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Explosive Violence Monitor 2021

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Civilians continued to suffer disproportionately from the impacts of explosive weapons in 2021.

This is AOAV’s eleventh annual report on harm from explosive weapons looking at global impact of explosive violence in 2021.

In 2021, AOAV recorded 19,473 deaths and injuries as a result of the use of explosive weapons around the world. Civilians continued to suffer disproportionately, accounting for 59% of total casualties, with 11,102 civilian deaths and injuries.

Of those reported harmed by explosive weapons in populated areas in 2021, 89% were civilians. In addition, civilian casualties in populated areas accounted for 93% of total civilian casualties.

Such findings reflect the consistent pattern of harm AOAV has monitored over the decade. Between 2011 and 2020, AOAV found that when explosive weapons were used in populated areas, on average nine in every ten deaths and injuries caused were civilians.

2021 marks the first year since 2015 that AOAV has recorded a rise in civilian casualties from explosive weapon use. It was also the year with the highest percentage of child casualties recorded since 2011, at 13% of the total civilian casualties – nearly double the decade average of 7%.

For the second consecutive year, Afghanistan was the worst-impacted country in terms of civilian casualties of explosive weapons, and Syria the second worst-impacted.

While this data highlights the immediate impact of explosive weapons on the lives of civilians, the reverberating consequences of explosive weapons, such as the destruction of infrastructure, displacement and the psychological harm, see millions more suffer.

The full report is available for download here: Explosive violence monitor 2021.

KEY FINDINGS
The key findings of the report are:

  • In total, AOAV recorded 19,473 deaths and injuries by explosive weapons in 2,489 incidents in 2021, as reported by English language media. Of these, 11,102 were civilians – 57%.

  • In total, 9,147 people were killed (of which 3,376 were civilians), and 10,326 were injured (of which 7,726 were civilians).

  • When explosive weapons were used in populated areas, 89% of those killed and injured were civilians. This compares to 10% in other areas. AOAV recorded 10,295 civilians killed and injured in populated areas. This represented 93% of globally reported civilian deaths and injuries.

  • The civilian harm per incident rose markedly in 2021 compared to the year before, impacting women and children more acutely:

    • The number of reported child casualties rose by 11% (1,264 in 2020 to 1,407 in 2021). Last year saw the highest percentage of child casualties recorded since 2011, at 13% of the total civilian casualties. This is nearly double the average seen across the last eleven years of 7%;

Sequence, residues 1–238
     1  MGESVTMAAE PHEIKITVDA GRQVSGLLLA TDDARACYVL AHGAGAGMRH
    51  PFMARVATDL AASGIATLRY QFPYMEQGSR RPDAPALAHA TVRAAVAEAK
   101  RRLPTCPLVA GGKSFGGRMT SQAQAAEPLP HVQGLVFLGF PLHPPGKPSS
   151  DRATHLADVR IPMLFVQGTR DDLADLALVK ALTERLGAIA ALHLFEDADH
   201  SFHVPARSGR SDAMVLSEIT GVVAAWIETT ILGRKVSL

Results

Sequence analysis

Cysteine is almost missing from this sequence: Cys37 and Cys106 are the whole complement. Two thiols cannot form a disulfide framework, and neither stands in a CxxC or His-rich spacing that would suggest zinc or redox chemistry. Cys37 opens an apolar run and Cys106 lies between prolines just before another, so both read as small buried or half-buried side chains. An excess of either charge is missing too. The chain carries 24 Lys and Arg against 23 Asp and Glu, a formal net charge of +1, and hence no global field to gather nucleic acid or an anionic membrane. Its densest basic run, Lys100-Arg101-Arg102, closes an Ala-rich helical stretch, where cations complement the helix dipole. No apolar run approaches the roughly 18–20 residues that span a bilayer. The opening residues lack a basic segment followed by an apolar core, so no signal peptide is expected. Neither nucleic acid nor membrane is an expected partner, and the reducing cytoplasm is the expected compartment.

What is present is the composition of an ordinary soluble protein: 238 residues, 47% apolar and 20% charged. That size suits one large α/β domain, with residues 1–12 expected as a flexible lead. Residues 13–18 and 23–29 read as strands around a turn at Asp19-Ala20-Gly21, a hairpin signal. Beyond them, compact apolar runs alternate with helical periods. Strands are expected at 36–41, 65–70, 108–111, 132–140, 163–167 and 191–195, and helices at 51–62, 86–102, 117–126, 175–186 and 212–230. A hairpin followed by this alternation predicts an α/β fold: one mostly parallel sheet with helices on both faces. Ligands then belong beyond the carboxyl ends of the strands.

• Reported female civilian casualties of explosive violence rose by 7% – from 692 (2020) to 740 (2021), though often victims’ genders go unrecorded. The proportion of civilian casualties reported to be women also saw a high of 7%, compared to the average of 3% from the last eleven years;
    • The average number of civilians harmed per incident rose from 3.8 in 2020 to 4.5 in 2021 – a rise of 18%.
  • Afghanistan, Syria, Gaza, Yemen and Iraq saw the highest number of global civilian casualties in 2021 with 3,051, 2,016, 1,478, 867 and 600 civilian casualties respectively:

    • Afghanistan and Syria saw a decrease in harm compared to 2020;
    • Gaza saw an increase from nine civilian casualties in 2020, to 1,478 in 2021 – a 16,322% rise;
    • Yemen saw an increase from 683 in 2020, to 867 in 2021 – a 27% rise;
    • Iraq saw an increase from 232 in 2020, to 600 in 2021 – a 159% rise;
    • Ethiopia saw an increase from 34 in 2020, to 311 in 2021 – a 815% rise.
  • Overall, civilian deaths and injuries from explosive violence saw an increase of less than 1% last year, compared to 2020 – the first increase in civilian casualties from explosive weapons globally since 2015.

  • Manufactured explosive weapons accounted for 57% of civilian casualties (6,356); improvised explosive devices (IEDs) accounted for 43% of civilian casualties (4,726): this is the lowest number of civilians harmed by IEDs since our monitor began in 2010.

  • Ground-launched manufactured explosive weapons were responsible for 31% of all civilian casualties; air-launched explosive weapons were responsible for 20% (2,231 civilians).

  • Concerningly, last year the average number of civilians harmed per air-strike rose from 3.6 to 5.1, a 42% rise – fuelled by air attacks in Gaza and Ethiopia.

  • Incidents were recorded in 57 countries and territories around the world; nine more locations than in 2020.

Iain Overton, Executive Director of Action on Armed Violence (AOAV), said of the report: “AOAV’s data continues to show the disproportionate impact explosive violence has on civilians, particularly when used in populated areas. The data has consistently shown that when explosive weapons are used in populated areas the vast majority of casualties will be civilian – nine in every ten casualties.

States must sign up to the political declaration that is currently being developed that will ensure civilians are protected from the use of explosive weapons in these areas.”

For the report please click here.

For more information on this report, please contact Iain Overton, AOAV’s Executive Director on +44 (0) 7984 645 145 or at ioverton@aoav.org.uk.